Sinigang, heavy on the ginger

This is a submission to the Kulinarya Cooking Club July 2011 challenge. The theme, “Sinigang” was chosen by Trissa of Trissalicious and Trisha of Sugarlace. For more information, visit the Kulinarya Cooking Club blog.
 
By the time this post posts I’ll be on my way to Zamboanga City, Philippines, for some family time.  It seems fitting, then, to begin blogging again with a Kulinarya Cooking Club challenge.   Especially with such a scrumptios theme.
 

A bowl of yummy on a rainy Friday evening

For a while there, soup was just not going to happen in the Kensington Kitchen.  No way.  No how.

When I woke up to a legitimately chilly breeze and grey overcast sky on Friday morning, though, my thoughts drifted towards this month’s Kulinarya challenge: sinigang.

Bok choy stalks are almost like celery in taste and texture - and they smell awesome while sautéing

Sinigang is yet another of those foods I neglected to learn the name of when I was a kid.  I ate it happily and  referred to it vaguely as “that soup with bok choy.”  The association between the two things – bok choy and soup – is strong.  The first time I saw bok choy at a farmers’ market in New Mexico I bought a whole pound for soup – sinigang, as it turns out.

That was the first and last time I made sinigang in the last eight years.

Fish chopped into bite-size pieces.

This week, I called my mom for a refresher course.  We went through the list of ingredients: pork or fish (essential), bok choy (essential), tomatoes (optional), ginger (essential), tamarind (optional), green onions or scallions (essential).

One of my favorite things about “bok choy soup” is that it’s a delicious meal filled with veggies that could easily fit into even a Food Stamps budget (I wish I’d remembered to make it when I was on the government dole).  I made a special run to the Hong Kong Supermarket in Chinatown on the way home from work on Friday, spent $8 and got enough food to make sinigang for 10 people.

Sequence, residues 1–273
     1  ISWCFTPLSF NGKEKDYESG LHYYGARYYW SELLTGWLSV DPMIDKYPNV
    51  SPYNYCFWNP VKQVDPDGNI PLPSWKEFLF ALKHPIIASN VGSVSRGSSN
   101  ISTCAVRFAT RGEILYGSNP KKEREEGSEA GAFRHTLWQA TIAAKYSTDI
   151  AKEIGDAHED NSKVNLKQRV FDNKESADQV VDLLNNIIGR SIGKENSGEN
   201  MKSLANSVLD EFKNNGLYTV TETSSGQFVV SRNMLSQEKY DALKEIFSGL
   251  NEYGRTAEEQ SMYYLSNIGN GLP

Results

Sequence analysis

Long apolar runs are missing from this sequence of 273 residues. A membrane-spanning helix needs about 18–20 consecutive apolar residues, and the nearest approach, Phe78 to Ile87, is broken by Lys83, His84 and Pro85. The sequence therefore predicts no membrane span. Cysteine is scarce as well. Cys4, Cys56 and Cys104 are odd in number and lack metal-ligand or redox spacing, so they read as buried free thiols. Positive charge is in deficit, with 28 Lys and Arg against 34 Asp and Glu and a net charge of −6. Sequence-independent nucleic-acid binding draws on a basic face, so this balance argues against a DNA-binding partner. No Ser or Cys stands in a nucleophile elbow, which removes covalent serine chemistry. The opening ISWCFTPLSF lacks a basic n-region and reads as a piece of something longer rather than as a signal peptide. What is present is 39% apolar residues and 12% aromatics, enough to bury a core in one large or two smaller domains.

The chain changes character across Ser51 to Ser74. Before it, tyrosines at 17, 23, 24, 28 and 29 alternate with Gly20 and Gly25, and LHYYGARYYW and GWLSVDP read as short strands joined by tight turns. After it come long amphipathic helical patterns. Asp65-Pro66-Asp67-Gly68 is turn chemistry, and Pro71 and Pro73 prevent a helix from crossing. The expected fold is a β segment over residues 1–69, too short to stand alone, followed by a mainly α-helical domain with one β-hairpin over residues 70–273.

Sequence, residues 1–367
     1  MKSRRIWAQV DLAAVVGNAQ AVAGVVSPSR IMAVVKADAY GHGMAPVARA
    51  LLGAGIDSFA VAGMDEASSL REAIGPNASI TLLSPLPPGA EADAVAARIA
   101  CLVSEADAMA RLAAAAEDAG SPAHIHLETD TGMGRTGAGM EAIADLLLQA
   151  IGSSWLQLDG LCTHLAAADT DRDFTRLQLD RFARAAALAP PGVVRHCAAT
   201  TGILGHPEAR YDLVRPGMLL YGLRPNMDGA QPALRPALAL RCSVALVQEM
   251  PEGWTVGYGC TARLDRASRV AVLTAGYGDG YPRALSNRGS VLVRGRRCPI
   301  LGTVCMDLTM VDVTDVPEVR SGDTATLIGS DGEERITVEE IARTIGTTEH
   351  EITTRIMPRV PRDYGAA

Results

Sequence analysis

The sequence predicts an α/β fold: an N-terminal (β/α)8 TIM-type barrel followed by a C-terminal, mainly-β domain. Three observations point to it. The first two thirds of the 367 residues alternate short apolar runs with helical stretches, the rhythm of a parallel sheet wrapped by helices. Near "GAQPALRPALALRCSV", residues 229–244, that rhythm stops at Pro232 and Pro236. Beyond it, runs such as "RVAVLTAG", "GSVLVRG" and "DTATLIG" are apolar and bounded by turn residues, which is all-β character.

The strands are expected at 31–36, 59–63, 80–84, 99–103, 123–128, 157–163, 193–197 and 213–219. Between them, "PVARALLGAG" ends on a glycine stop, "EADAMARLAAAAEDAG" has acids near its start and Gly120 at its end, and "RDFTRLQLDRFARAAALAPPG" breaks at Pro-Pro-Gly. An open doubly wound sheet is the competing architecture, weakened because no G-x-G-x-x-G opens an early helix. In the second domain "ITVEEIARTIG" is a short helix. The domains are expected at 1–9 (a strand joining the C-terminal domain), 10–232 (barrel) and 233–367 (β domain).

Bringing the broth and firm veggies to a boil before adding fish always them to soften slighty

I went with mom’s deluxe version – fish, bok choy, tomatoes, ginger, green onions, tamarind, sea salt – and added some dried mushrooms and soy sauce to round out the broth.  The ginger is what makes the dish sing.  For me it hit home on a rainy night – I inhaled two bowls with rice.  Raphe proclaimed the broth “too fishy” and stopped after one.

Oh, well.  More for me.

Colorful and healthy with a final dollop of tamarind paste


*****

Sinigang
Serves 4-6 over rice

Ingredients Local sources
1/2 lb. white fish Hong Kong Supermarket
3 medium bok choy Hong Kong Supermarket
2 plum tomatoes Hong Kong Supermarket
3-4 cloves garlic, coarsely chopped C-town
1 4-5inch ginger root, coarsely chopped Himalayan Grocery on Cortelyou
3 scallion stalks, diced Hong Kong Supermarket
2 dried mushrooms New York Mart on Avenue U
Tamarind paste/concentrate to taste (I used 2 T) Hong Kong Supermarket
Sea salt to taste Trader Joe’s
Soy sauce to taste New York Mart on Avenue U
  1. Wash bok choy very well. Separate  stems and leaves. Chop both stems and leaves coarsely, but keep separated.
  2. Briefly sauté garlic, ginger and bok choy stems in oil.
  3. Add about 4 cups of water. Bring to a boil.
  4. Reduce heat.  Add fish, tomatoes and bok choy leaves.  Simmer 5 minutes.
  5. Remove from heat.  Add half the  scallions then soy sauce, salt and tamarind concentrate to taste.
  6. Serve over steamed rice. garnish with remaining scallions.

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7 responses

  1. Love the crunch of Bok Choy and its versatility to adapt to any dish, like sinigang. Ginger is actualy almost neccessary for a fish dish because it somehow balances the fish flavor. Good job!

    ~ ray ~

  2. Pingback: 2011 in the Kensington Kitchen | Kensington Kitchen

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